ONCE UPON A TIME PROLETARIAN
This film started while I was preparing and shooting a fiction film – which at that time was called La Chinoise, and became She, a Chinese. As I kept looking at the main actress’s face and trying to make her beautiful, I started to feel an urge to shatter realities. I needed to film the dusty faces of the streets, the curious and amazed faces of the peasants gathering to watch us make our film, and to include in my picture frame those sunken eyes and crazed laughs, and to record their sighs and silences too. I wanted the gritty reality to be seen, rather than to be cleared out from the eye of the camera.
In this film, there are many faces and voices. They are vivid archives documenting our history and our present. And as much as they reveal about the ancient hardship of Chinese peasants, they also show the newly gained material desires, the cold-hearted indifference towards social responsibilities, resonating with the New China's ambition to be at the forefront of capitalist nations.
I feel sorrowful and disillusioned for those people who are very much part of my background. And as much as I love my country, I hate how ordinary individuals’ inner life can be completely kidnapped by the harsh forces of society, resulting in the individual no longer being able to recognize his or her own emotions.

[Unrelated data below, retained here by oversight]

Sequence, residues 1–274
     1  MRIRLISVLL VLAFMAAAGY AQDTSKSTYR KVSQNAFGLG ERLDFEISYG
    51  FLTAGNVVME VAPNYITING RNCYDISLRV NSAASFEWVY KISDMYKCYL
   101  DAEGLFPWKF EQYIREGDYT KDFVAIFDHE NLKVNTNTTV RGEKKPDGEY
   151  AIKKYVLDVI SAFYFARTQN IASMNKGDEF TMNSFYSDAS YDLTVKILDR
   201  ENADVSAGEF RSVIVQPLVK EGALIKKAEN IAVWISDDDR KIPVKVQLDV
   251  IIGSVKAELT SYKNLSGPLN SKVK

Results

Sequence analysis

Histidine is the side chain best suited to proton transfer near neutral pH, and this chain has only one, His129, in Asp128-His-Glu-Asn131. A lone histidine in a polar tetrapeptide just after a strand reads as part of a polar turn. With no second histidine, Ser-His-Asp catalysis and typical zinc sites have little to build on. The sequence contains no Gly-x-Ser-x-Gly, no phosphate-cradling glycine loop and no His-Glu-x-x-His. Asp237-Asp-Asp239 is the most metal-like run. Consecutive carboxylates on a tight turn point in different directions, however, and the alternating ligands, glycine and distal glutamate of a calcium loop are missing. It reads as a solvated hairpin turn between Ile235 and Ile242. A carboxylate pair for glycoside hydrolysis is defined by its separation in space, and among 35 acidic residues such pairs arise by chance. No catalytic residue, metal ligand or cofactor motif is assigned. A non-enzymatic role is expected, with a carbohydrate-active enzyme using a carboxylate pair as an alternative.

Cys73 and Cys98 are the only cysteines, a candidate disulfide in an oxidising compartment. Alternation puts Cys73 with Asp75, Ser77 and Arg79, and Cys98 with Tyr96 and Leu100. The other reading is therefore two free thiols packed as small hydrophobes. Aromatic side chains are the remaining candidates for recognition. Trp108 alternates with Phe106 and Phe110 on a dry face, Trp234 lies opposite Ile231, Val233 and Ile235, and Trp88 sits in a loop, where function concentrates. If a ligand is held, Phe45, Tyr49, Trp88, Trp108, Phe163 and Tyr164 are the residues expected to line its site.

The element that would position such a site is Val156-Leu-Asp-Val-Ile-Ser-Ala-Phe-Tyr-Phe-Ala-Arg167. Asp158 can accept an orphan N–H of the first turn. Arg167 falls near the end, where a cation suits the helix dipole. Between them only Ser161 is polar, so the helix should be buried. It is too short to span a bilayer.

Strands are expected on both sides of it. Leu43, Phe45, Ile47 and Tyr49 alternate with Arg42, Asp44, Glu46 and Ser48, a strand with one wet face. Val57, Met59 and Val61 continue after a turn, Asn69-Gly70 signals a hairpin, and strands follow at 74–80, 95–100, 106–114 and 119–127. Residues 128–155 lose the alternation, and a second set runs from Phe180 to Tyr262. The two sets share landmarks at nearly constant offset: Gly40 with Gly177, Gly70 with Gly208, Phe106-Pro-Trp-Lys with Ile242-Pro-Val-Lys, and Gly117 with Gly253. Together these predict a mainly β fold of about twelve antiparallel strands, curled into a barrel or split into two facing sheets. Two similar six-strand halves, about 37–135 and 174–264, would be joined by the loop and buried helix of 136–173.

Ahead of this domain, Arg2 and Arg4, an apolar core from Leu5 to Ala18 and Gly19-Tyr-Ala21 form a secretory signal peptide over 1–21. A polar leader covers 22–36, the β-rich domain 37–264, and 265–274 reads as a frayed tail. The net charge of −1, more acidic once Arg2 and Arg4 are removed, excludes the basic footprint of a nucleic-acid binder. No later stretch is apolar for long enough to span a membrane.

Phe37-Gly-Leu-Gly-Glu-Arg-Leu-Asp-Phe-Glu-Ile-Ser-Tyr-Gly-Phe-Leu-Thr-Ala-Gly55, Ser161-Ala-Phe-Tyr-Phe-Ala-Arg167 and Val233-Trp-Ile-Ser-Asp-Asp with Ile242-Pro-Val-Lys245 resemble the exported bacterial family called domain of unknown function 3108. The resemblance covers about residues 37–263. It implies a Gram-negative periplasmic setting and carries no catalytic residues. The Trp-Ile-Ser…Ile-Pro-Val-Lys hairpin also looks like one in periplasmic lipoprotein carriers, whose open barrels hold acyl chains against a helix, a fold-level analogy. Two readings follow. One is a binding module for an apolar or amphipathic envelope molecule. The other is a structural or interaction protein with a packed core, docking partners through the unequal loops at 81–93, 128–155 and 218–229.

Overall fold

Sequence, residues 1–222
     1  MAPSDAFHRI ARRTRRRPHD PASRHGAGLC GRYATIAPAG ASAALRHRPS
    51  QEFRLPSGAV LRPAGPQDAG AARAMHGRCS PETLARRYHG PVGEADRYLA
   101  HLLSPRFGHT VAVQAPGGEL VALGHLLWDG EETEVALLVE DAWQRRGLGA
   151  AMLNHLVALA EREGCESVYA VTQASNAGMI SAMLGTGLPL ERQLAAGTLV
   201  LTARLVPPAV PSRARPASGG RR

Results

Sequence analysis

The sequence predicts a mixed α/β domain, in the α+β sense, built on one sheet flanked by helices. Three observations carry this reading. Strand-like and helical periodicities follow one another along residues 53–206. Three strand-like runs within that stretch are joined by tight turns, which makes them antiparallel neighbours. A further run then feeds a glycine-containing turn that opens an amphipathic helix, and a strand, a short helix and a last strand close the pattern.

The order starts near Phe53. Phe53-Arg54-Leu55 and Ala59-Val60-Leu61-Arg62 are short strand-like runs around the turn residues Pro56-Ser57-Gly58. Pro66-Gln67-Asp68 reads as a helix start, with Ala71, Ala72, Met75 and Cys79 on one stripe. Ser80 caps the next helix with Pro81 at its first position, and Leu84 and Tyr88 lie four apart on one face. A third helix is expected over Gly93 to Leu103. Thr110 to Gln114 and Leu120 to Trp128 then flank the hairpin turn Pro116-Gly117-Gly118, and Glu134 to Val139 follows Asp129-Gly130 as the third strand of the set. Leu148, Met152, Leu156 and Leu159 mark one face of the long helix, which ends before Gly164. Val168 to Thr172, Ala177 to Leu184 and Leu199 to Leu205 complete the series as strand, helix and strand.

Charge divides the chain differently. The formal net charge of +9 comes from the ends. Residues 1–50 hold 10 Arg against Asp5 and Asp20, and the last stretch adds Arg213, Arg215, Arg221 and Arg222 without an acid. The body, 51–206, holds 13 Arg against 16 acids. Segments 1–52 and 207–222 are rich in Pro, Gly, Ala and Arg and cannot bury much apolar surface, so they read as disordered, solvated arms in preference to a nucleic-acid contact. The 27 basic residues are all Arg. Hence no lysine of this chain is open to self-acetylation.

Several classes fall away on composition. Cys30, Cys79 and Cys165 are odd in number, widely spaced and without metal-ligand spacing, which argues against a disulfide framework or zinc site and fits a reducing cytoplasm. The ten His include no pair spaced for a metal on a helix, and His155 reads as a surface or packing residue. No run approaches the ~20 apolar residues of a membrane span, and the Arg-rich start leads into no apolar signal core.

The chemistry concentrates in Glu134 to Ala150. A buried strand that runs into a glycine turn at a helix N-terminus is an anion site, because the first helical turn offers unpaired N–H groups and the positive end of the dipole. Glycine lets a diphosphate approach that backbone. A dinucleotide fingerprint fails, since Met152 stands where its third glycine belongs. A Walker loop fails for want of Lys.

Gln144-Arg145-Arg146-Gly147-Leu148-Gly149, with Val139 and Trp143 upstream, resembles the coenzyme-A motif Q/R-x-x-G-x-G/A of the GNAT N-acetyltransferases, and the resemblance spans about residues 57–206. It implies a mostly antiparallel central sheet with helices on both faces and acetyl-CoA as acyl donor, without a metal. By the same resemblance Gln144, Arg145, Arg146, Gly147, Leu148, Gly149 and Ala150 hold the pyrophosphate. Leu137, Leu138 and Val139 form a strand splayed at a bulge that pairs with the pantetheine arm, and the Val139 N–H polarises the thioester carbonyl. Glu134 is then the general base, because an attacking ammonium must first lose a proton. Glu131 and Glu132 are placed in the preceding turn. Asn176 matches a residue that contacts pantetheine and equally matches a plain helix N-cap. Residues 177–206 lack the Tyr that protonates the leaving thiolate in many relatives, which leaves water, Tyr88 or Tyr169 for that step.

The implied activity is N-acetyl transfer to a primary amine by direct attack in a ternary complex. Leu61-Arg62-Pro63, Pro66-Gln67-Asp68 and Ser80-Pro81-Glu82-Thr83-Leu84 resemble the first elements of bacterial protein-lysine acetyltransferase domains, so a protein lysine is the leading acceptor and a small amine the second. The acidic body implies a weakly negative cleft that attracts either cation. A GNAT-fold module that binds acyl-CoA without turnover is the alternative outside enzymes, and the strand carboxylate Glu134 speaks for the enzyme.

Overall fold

I grew up in a village among illiterate people. Eventually, I left them for a bigger dream. Perhaps, I see my mission not so much as a writer and filmmaker, but rather as a kind of Don Quixote insisting on maintaining the idea of the intellectual, the reflective mind – concepts lost to us somewhere in the 70's. When I walk around and encounter these weathered faces, I feel a responsibility to let these low and anonymous people speak. I want to give them time on camera for their sadness and hope when they gaze at us.
I wanted this film to show a particular period of our country, following China’s dramatic revolutions – the Communist Revolution of the 1940s, the Cultural Revolution of the 1960s/70s and the ongoing Economic Revolution since the 1980s. As a filming method: an anti-climactic camera picks up each work-worn, warm, sorrowful, and sometimes innocent face in the film.
Between the chapters, children are reading from comic books, or we simply see the children’s faces – somehow I want them to tell us something about the future, not only of China, but also of our world, which has its beauty, brutality but mostly its banality.
Through the film, I try to evoke a feeling of the birth of an unimaginable future, a birth from the grotesque, a birth of new hope. And I seek an inner truth underlying this collective melancholy.
© Xiaolu Guo / Chapter Two Films
© Xiaolu Guo